Writer: Alejandro Sanchez
2 min read March 2022— Tampa Bay has transformed itself into an epicenter for economic activity thanks to the stewardship of strong, diverse public and private leaders. Invest: spoke with some of the region’s top female leadership about what has made, and continues to make, Tampa Bay a unique and attractive place to do business in a post-pandemic economy.
Carole Post, Administrator for Development and Economic Opportunity, City of Tampa
We are always thrilled to talk about Tampa and its economic development, our progress, and our position across the country. We have had a tremendous year. We have winning sports teams, which is certainly an opportunity to brag, but more than those victories, it is about the visibility, attention, and awareness that it brings to Tampa. Putting that aside, the reality of the last year and a half has been quite challenging economically and otherwise. The city has positioned itself incredibly well and is poised to have a very effective recovery.
We are benefiting from a lot of the relocations and continued interest in people seeing Tampa as a destination for families and businesses. It has been projected that Tampa’s population will increase by 100,000 residents by 2045. Our current population is slightly more than 400,000 now, so that is a big jump. We are looking to plan accordingly, be responsible and responsive to accommodate the growth. Having good-paying jobs is a key aspect to that. Fintech is becoming a big driver for us, as well as Medtech with the health sciences and academic medicine industry.
Sharon Hillstrom, President & CEO, Bradenton Area EDC
Having a business-friendly local government that gets things done quickly has been a major value proposition for the Bradenton Area. We offer rapid response permitting to get projects through that process quickly. We have tremendous assets of expansive green and recreational space that is accessible year-round. Our educational system is very robust, with a state college, a university, medical school and dental school. Our public schools continue to improve, offering dynamic programs related to STEM, among others. Our economic development is based on being collaborative, innovative and responsive, and it has been greatly attractive to companies moving in.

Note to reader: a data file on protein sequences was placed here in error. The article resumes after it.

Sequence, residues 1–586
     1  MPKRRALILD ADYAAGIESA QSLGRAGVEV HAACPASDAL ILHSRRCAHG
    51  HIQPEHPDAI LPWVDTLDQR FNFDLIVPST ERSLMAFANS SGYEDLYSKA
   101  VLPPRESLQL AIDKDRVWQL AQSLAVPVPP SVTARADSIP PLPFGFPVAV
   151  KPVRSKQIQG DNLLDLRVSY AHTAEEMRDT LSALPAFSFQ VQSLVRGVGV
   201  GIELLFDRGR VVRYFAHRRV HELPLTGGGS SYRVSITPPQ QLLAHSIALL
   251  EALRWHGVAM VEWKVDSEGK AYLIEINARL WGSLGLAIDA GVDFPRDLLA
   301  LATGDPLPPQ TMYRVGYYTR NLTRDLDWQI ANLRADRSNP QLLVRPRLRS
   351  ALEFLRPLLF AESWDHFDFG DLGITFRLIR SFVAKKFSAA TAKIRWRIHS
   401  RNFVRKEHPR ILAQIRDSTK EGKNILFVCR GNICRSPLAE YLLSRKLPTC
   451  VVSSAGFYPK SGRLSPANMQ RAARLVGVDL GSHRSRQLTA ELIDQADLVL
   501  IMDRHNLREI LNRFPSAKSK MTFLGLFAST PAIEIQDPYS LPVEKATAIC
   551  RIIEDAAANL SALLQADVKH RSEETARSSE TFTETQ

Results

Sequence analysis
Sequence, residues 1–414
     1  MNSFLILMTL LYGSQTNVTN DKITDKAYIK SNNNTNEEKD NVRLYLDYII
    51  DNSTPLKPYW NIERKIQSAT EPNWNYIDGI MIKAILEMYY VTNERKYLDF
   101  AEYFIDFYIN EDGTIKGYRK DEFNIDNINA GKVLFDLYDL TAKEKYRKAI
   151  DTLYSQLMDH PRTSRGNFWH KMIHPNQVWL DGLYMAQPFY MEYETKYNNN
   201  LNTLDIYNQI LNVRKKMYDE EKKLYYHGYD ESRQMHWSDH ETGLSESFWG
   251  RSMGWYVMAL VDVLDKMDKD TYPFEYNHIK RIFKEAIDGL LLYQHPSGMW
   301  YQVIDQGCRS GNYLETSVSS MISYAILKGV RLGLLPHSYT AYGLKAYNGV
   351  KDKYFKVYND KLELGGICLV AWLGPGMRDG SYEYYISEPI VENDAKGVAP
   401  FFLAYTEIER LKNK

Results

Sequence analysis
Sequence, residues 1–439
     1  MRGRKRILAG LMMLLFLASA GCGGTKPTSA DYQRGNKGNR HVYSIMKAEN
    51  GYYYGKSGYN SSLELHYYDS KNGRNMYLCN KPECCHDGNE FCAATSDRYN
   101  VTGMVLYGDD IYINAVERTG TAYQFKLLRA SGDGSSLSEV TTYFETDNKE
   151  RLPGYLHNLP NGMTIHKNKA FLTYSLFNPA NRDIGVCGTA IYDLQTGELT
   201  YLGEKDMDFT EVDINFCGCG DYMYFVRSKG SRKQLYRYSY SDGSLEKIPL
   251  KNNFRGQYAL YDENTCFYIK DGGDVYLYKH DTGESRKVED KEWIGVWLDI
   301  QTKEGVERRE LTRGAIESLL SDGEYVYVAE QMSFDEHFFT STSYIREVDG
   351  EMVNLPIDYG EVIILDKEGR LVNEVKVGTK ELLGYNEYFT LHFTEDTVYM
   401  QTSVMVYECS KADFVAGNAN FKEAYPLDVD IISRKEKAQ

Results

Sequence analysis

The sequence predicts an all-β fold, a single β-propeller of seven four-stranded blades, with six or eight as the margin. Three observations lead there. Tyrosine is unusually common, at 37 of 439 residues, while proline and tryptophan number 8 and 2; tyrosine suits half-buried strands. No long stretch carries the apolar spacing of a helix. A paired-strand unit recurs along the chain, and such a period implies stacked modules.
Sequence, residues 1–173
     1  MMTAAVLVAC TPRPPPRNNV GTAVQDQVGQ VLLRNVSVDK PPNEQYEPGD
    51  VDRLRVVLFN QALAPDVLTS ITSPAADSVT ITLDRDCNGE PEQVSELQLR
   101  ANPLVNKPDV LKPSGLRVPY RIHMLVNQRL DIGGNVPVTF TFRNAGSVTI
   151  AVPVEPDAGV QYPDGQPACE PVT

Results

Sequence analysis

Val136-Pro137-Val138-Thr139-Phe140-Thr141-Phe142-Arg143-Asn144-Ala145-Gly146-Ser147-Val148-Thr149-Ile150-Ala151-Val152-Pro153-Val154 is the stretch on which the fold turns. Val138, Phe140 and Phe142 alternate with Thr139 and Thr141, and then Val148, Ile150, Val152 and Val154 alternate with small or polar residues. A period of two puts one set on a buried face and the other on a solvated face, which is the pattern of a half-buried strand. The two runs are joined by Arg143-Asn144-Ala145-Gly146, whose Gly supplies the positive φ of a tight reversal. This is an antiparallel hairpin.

Jacki Dezelski, President & CEO, Manatee Chamber of Commerce
The significant majority of our members have told us that the local economy has resumed its growth trajectory for their businesses and they are optimistic. Many are looking to grow and expand their workforce. A majority of our membership also believes they will persevere through the continued challenges of the pandemic so these are really positive signs of where our region is headed. Two additional, noteworthy indicators are the phenomenal success and growth, even during the pandemic, of Port Manatee and Sarasota-Bradenton International Airport.
Robin Miller, President & CEO, Tampa Bay Beaches Chamber of Commerce
We have three of the bigger beach communities in the region, which all have major opportunities on open land that can be developed and a lot of properties that can be redeveloped. That is a very specific focus within the municipality and in partnership with the Chamber of Commerce. We are excited to announce that in 2022, we have a great project in partnership with the City of St. Pete Beach, where we will be awarded $50,000 by that municipality to reinvest in businesses with specific qualifications. These are infrastructure investments. That helps from a redevelopment standpoint.
Kelly Flannery, President & CEO, South Tampa Chamber
Everyone is aware of Water Street and Sparkman Wharf in Downtown but there are numerous other important development projects underway. The West Shore Marina District has recently opened, which is a multi-use development with apartments, condos and businesses. Hyde Park Village, which was the first open-air shopping and entertainment district in Tampa, has undergone an incredible reinvention over the past five years. Midtown was a great visionary project that helped to bridge neighborhoods and create a name for a previously unbranded area. As we move forward, we’re going to see more and more of these developments. It’s been exciting to see these pockets of space either come into a new identity or refresh an old identity throughout the city. It’s unique for a city of our size to have all of these mini-communities and experiences.
We have new businesses opening weekly and we continue to get phone calls daily from people who are looking to open new businesses in our community. South Tampa has a very bright future and the Chamber is excited to be a part of this growth and serve as a resource for businesses.
For more information, visit: